Friends remember Schoen
Woman who died in car accident had energy and compassion
June 3, 2005
When Betsy Packer thinks about Barbara Day-Schoen, better known to her friends as Bobbie, she thinks about generosity, compassion, optimism and energy.
“Bobbie was the most generous, caring, compassionate woman I have ever known,” Packer said.
Packer lives next door to the residence where Bobbie lived with her husband, Stan — a duplex home that Stan Schoen designed and built in Steamboat Springs.
The Schoens were involved in a fatal car accident Thursday that killed Bobbie, 74, and left Stan, 72, in serious condition at Denver Health Medical Center.
Bobbie and Stan lived in Steamboat for more than a decade and have made a big impact on the community.
Leslie Lovejoy met Bobbie through classes they took together and later became her massage therapist.
“Bobbie was a very special woman who touched the lives of many, many people,” she said.
The Schoens volunteered at the Winter Park Ski Resort, assisting with ski programs for people with disabilities, and volunteered at Children’s Hospital. Bobbie also started and supported many cancer support groups in Steamboat. Her husband has volunteered at Lake Granby during summer sailing programs for people with disabilities.
Bobbie was extremely active and participated in the Children’s Hospital Foundation’s Courage Classic, a 166-mile annual bike ride that raises money for the hospital.
Bobbie beat breast cancer and decided to get involved in the race to help the community and other cancer patients make it through difficult times.
Kay Borvanski, another cancer survivor and colleague of Bobbie’s, loved having lunch with Bobbie and watching her passion for helping people.
“She was a sweet, sweet lady, and everyone just loved her,” she said.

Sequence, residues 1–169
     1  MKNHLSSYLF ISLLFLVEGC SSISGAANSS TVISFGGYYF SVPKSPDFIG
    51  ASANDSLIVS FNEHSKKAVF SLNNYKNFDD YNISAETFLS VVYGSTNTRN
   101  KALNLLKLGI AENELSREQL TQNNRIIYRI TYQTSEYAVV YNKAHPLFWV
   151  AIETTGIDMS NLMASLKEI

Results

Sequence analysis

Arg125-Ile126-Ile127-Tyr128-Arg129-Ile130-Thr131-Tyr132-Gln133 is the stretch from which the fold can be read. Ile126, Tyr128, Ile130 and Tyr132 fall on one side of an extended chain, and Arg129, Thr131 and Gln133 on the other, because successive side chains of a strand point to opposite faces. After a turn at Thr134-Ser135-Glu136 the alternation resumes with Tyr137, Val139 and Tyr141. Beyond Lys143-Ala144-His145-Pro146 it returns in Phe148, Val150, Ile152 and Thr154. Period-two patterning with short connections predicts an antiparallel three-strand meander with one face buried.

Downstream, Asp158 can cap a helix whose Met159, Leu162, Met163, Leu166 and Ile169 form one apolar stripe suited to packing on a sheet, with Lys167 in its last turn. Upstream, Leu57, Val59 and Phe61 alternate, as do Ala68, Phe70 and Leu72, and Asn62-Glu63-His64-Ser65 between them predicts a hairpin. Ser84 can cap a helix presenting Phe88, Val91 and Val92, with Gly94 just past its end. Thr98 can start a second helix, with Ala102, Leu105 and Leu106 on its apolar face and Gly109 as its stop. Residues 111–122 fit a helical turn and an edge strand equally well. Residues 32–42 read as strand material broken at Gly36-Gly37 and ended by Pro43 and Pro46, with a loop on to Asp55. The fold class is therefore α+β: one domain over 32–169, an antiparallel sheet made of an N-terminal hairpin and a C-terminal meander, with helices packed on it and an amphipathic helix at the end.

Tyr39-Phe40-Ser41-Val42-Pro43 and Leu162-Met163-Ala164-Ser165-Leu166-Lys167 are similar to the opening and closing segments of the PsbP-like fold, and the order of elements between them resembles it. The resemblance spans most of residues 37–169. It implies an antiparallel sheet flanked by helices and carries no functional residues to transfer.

Bobbie also worked with Emily Brown, a cancer survivor from Children’s Hospital, and she became very close to the girl during skiing lessons.
In an excerpt from an article published in The Children’s Hospital Magazine, Bobbie said, “It’s about watching this young person realize all the things he or she can do. The truth is that we instructors get more out of this program than we ever put into it.”
Bobbie was featured in the magazine in fall 2003 for being “A Hero for Kids.”
Bobbie also had a passion for skiing. She used to ski patrol for Arapahoe Basin Ski Resort, which is how she got involved with Barbara and Jupiter Jones, ex-owners of Steamboat Powdercats. Bobbie moved in the late ’80s to be a guide for Powdercats.
“They were an amazing couple because they were always there to help, listen and reach out to you if you needed it,” Barbara Jones said.
The Schoens also were a unique couple because they had been married only a few years, though they had been together for many more years. Neither had children.
“They were soul mates,” Packer said.
Her family and friends will remember Bobbie for her incredible passion for life and always lending a helping hand to anyone who needed it.
“I can’t tell you how much I am going to miss her,” Packer said.
Friends ask that people send donations in Bobbie’s name to The Children’s Hospital Foundation Courage Classic, P.O. Box 5003, Denver, CO 80217.